Banning Russia’s oil and gas is only the beginning of the net-zero puzzle

Even as the west steps away from Russian oil and gas, it will be an uphill battle to reduce our dependency on fossil fuels

May 21, 2022
article header image
Even with sanctions against Russia, oil and gas will need to be part of the overall energy mix for some time to come. Image: Olaf Schuelke / Alamy Stock Photo

Can Europe survive without imports of Russian oil and gas? At a recent Prospect event on that subject Andrew Simms, Myles Allen and I all recognised that we have moved from what was believed to be a short, sharp shock to a drastic change in the west's relationship with Russia. Alongside this, there has been a fundamental rethinking of both political and economic alliances; the possible expansion of Nato is one such example. In this environment, trade relations also change radically. For Europe in particular, a future without Russian oil and gas on which the region is so dependent is suddenly a real possibility.

How easily can one adapt to such a scenario? The rises in oil and gas prices in the last few months, and certainly since the Russian invasion of Ukraine, have been unsettling for us all. Of course, if that encourages a general switch to renewables and the end of fossil fuel investment—which the International Energy Agency (IEA) argues is needed to prevent catastrophic temperature rises—then that may be a good thing. But it doesn't look as if things are going that way. One, the short-term cost is already proving to be difficult for many countries to bear. Second, the UK is about to grant new oil and gas exploration licences in the North Sea. Then there is the distinct likelihood that countries such as India and China will take up the role of the EU as major recipients of Russian energy. So even if Europe invests more in green energy, the increased use of Russian fossil fuels by others could negate this. 

Underlying all this is the expectation that world energy demand will continue to rise inexorably over the next few decades. The path may be disrupted by the uncertainties in global GDP growth caused by the war in Ukraine and the repositioning of geopolitics away from the structure we have got used to since the fall of the Berlin Wall in 1989. Nevertheless, and despite considerable energy efficiency improvements over the last few decades, the US Energy Information Administration in Oct 2021 still expected a further rise of 47 per cent in global energy demand by 2050. Most of that would come from emerging economies, with oil still the major source of energy. Renewables would also increase their share to the second highest over that period. But it looks likely that even though net zero targets should be met, fossil fuels will still play a part in the total energy mix.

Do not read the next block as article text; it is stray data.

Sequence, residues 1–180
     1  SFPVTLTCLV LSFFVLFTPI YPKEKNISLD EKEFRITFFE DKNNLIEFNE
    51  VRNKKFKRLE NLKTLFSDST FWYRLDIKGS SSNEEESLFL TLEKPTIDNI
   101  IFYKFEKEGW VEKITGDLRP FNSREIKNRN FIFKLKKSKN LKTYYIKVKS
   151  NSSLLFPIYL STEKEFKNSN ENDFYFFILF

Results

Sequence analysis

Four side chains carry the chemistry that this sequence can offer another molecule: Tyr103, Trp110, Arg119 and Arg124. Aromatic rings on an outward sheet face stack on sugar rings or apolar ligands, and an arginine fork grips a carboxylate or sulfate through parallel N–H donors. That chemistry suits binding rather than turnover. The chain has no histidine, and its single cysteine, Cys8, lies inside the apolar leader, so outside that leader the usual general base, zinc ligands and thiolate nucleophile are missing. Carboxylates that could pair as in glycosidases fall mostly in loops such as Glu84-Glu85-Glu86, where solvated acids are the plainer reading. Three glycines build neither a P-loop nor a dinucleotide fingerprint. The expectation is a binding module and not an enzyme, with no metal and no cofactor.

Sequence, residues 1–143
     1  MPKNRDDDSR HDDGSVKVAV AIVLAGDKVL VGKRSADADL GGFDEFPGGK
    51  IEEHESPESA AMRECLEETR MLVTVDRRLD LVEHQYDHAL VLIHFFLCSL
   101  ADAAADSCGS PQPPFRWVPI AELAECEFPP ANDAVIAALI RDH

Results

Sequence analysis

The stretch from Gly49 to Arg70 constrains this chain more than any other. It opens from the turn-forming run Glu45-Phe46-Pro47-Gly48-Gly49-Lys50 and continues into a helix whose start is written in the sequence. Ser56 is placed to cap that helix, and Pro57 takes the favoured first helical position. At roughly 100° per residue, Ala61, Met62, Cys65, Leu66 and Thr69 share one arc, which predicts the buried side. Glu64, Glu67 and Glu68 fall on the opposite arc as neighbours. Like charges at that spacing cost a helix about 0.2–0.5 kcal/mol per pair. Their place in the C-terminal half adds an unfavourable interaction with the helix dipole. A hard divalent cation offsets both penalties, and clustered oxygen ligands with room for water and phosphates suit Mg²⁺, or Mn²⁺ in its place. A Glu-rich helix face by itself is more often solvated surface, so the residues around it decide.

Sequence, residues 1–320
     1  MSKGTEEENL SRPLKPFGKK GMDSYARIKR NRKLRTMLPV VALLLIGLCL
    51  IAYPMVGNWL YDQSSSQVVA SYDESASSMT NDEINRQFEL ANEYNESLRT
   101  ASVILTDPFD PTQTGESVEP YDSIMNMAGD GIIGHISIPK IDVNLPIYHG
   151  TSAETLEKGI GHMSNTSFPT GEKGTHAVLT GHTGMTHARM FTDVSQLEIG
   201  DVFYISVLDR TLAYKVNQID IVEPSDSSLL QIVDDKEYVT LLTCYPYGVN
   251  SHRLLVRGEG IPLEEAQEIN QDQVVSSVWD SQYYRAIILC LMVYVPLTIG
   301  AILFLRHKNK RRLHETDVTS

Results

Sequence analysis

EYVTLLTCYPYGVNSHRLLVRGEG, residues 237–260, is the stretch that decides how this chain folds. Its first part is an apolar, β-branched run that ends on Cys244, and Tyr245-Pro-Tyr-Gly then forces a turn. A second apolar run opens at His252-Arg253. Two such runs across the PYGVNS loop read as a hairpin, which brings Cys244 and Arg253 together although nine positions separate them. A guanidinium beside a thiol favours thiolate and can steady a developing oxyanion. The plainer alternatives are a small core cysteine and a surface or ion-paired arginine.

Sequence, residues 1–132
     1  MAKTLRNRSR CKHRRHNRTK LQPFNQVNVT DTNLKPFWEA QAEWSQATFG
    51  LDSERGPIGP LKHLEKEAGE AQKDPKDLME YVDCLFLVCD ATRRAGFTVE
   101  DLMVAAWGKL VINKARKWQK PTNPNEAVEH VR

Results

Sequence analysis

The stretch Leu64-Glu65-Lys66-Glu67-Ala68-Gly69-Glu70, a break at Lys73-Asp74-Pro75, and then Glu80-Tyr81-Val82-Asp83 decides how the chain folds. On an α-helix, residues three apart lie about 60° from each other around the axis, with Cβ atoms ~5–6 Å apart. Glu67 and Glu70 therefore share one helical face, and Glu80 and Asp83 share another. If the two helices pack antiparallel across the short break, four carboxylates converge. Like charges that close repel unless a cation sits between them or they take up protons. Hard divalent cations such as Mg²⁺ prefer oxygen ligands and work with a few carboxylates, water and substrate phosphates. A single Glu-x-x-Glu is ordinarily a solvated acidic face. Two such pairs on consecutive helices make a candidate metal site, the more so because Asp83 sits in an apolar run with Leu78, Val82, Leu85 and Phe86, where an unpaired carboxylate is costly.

So how sustainable is the European climate change trajectory as it tries to wean itself off Russian oil and gas? It will be difficult, given the region's 65 per cent energy import dependency. A move to renewables has been rising, helped by subsidies to the new “green” sectors tightening regulations and the Emissions Trading Scheme that has recently started to bite a bit more. But even before the war, the realisation that it would be a long process of disengaging from fossil fuel dependency had resulted in nuclear and gas being designated as “green” in the EU’s latest classification of what constitutes “sustainable” activities, which are deemed to contribute to the EU’s 250 goal for climate neutrality. This designation was understandable, given Europe’s 40 per cent dependency on Russian gas supported by a series of pipelines from Russia—many constructed with EU countries’  blessing and with European banks and European energy firms’ involvement.